Patagonia and the Marketability of Antimaterialism
September 3, 2015
In 2011, high-end outdoor clothier and gear provider Patagonia purchased an ad in a November edition of the New York Times entreating customers not to buy one of its impeccable parkas. The reason given in the ad copy was that we live in a wasteful, rapacious world with swiftly diminishing resources and that people should not buy what they don’t need.
Some cynics accused Patagonia of anti-marketing, the peril-fraught practice of selling a product by mocking it.
But even Patagonia’s marketing sorcery is anti-sorcery. Its sorcery is sincerity.
But is that what really went on here? Probably not. Patagonia is what people who use poultry-based marketing metaphors call an odd duck. Its wild success is based on an ostensible rejection of some conventional marketing wisdom.
Of course, we live in a fast-changing world where some conventional marketing wisdom no longer seems especially wise.
The Roots of Patagonia’s Marketing Metaphysics
Patagonia was founded in 1973 by outdoorsman, entrepreneur and environmentalist Yvon Chouinard. In 1985, the company began to donate significant amounts of money to environmental groups.
When Patagonia ran into financial trouble in the early ’90s, according to an article by Phillip Haid on the Financial Post website, Chouinard decided that the answer was not to abandon his ideals, but become truer to them.
“Actions most companies would never dream of taking because they are so counter to common business practice, have been wildly successful for Patagonia,” Haid wrote, “because at their core they embody the idea of ‘profitable good,’ namely, embracing profit and purpose to drive a better bottom line.”
These days, Chouinard and his executives appear genuinely to want to accomplish two seemingly disparate goals: have a profitable company based on the sale of items to consumers while denouncing materialism and encouraging conservation.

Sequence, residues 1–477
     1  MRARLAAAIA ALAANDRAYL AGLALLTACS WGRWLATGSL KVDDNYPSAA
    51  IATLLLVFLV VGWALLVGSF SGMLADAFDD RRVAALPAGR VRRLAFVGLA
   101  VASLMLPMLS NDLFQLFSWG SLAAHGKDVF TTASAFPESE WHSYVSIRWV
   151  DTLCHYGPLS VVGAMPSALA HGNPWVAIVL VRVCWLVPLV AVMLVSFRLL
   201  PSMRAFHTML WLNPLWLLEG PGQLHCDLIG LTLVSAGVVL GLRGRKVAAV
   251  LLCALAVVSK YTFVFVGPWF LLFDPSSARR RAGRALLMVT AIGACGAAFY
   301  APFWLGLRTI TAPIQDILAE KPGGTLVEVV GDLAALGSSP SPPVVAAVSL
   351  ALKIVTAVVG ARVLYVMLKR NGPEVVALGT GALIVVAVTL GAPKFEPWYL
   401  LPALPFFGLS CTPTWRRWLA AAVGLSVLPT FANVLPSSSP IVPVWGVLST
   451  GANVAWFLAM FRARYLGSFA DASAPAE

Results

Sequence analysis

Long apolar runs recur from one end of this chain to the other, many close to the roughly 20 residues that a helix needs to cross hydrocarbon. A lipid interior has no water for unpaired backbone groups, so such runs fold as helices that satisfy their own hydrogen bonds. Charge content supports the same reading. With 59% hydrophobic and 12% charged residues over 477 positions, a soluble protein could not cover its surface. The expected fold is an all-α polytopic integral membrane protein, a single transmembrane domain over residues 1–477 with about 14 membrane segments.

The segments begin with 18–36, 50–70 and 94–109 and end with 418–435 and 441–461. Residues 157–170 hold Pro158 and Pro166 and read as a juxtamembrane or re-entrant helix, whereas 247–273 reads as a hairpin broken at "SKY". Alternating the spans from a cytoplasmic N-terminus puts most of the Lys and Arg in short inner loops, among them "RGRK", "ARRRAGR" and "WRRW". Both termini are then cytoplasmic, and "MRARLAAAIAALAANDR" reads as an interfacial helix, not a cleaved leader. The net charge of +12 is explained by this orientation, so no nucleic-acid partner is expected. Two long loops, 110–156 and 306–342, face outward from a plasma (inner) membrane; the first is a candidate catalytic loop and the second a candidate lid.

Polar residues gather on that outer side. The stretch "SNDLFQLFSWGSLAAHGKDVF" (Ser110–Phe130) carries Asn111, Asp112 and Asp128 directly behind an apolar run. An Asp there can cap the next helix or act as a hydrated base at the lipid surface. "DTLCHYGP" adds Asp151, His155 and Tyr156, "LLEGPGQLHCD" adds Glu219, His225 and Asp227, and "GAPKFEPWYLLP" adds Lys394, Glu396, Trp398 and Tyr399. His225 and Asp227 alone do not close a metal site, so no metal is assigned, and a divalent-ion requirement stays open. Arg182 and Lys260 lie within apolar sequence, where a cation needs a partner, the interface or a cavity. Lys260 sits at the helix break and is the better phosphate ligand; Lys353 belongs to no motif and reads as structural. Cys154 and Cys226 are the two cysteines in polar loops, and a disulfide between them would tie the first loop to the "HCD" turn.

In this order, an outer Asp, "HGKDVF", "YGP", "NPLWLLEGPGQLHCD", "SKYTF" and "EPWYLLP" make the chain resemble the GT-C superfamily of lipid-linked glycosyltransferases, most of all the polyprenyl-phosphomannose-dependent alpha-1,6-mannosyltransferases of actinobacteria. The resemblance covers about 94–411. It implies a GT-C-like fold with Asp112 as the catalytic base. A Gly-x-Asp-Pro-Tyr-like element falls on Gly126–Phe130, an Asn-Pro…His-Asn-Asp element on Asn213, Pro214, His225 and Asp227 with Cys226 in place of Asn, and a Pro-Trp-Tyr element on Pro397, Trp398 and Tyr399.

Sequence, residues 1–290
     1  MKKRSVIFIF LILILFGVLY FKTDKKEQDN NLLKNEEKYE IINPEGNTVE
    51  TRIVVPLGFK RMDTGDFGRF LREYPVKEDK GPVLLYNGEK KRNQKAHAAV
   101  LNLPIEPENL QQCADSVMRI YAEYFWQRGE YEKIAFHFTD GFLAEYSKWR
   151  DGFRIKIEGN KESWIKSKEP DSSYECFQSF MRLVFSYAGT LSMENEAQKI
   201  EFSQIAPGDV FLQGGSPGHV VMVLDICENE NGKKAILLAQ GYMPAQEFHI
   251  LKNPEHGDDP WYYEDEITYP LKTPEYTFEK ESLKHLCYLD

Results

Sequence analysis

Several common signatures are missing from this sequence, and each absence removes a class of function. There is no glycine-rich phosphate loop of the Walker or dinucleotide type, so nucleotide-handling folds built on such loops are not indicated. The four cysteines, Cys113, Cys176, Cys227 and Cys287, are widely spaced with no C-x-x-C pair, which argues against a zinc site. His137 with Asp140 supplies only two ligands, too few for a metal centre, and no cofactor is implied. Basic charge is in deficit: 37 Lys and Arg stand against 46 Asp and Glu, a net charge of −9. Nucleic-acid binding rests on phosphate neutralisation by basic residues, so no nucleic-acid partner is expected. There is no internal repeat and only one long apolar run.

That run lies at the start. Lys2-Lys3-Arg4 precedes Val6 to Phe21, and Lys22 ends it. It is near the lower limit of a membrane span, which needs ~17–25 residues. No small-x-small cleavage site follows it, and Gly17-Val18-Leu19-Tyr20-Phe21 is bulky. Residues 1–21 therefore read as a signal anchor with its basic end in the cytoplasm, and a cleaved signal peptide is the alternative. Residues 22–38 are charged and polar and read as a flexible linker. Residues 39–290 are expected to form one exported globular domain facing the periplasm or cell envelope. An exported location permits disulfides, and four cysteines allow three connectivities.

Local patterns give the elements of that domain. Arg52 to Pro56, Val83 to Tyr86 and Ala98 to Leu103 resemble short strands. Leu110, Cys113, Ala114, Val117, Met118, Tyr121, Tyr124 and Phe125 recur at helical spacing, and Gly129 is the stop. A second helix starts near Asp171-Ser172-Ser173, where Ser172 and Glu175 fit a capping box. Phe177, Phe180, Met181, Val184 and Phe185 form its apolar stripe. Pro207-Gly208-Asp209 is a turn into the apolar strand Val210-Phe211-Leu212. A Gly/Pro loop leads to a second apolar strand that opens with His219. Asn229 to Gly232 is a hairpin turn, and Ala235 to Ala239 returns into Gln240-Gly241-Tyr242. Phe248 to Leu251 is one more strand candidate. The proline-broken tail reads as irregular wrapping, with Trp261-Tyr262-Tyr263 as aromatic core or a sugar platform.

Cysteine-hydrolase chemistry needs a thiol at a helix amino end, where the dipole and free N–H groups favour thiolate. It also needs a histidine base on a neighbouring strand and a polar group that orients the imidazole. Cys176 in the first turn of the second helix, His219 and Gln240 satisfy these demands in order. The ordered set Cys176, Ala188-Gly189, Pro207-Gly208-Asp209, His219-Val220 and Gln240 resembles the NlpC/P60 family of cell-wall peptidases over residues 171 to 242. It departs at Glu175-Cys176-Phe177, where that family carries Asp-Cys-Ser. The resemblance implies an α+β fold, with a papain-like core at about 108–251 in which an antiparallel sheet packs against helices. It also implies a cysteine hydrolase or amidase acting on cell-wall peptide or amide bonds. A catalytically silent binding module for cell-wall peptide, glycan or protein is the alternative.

Patagonia doesn’t just talk the environmental talk, wrote Poonkulali Thangavelu for the Investopedia website. It walks the walk. “The company donates a portion of its revenue to environmental causes and uses recycled, Fair Trade–certified and organic material in its clothing. It also uses solar energy at its company headquarters, and it is one of the founders of the Sustainable Apparel Coalition, a group of companies that has promised to reduce its environmental footprint.”
For two years running, Patagonia has taken second place to Unilever on the Sustainability Leaders Report. Other companies that often make the list are Nestlé, GE, Coca-Cola, Nike, Tesla and Etsy. But sustainability and social-impact consultant Alice Mann argued on her blog that Patagonia deserves to be in its own category.
“One reason Patagonia stands alone,” she wrote, “particularly among first-generation social-impact companies, is Yvon Chouinard’s fierce commitment to staying independent. Yvon and his wife own 100 percent of Patagonia’s shares. Many first-generation social-impact companies, once peer companies of Patagonia, have since sold to multinational corporations.”
To Buy or Not to Buy? That Is the Question
Noting that national pundits haven’t been able to generate widespread interest in an anti-consumerism message, the New Yorker’s J.B. MacKinnon wrote in May 2015, “Yet anti-consumerism is clearly helping to build the Patagonia brand. Indeed, the company is seeing double-digit annual growth.”
One is reminded of a popular Harry Potter meme with the caption “What sorcery is this?” But even Patagonia’s sorcery is anti-sorcery. Its sorcery is sincerity.
“How do you equate increased sales with consuming less stuff?” Martin Wright of the Guardian newspaper asked Patagonia’s vice president of global marketing, Rob BonDurant, in 2011. “We’re saying, ‘Only buy what you need,’” BonDurant told him. “We want our customers to do some research and make an educated decision about whether they really need the product, and how to use it. So it’s a case of ‘Buy less, buy smart.’”
“The discerning consumer targeted by Patagonia,” wrote Wright, “will be more likely to buy one of the company’s (relatively pricey) fleeces rather than those of its (mostly cheaper) rivals. And that fleece will last for years, so avoiding the need to buy replacements every other season or so.”
Patagonia offers a free repair service to encourage customers to make the fullest possible use of its products, he wrote. “Hence, while Patagonia itself sells more stuff, the argument goes, the overall volume of stuff sold goes down.”
The company’s four-year-old Common Threads Initiative “aims to minimize the environmental cost of clothing through its programs to reduce, repair, reuse and recycle clothing,” wrote David Aker for the Fast Company website.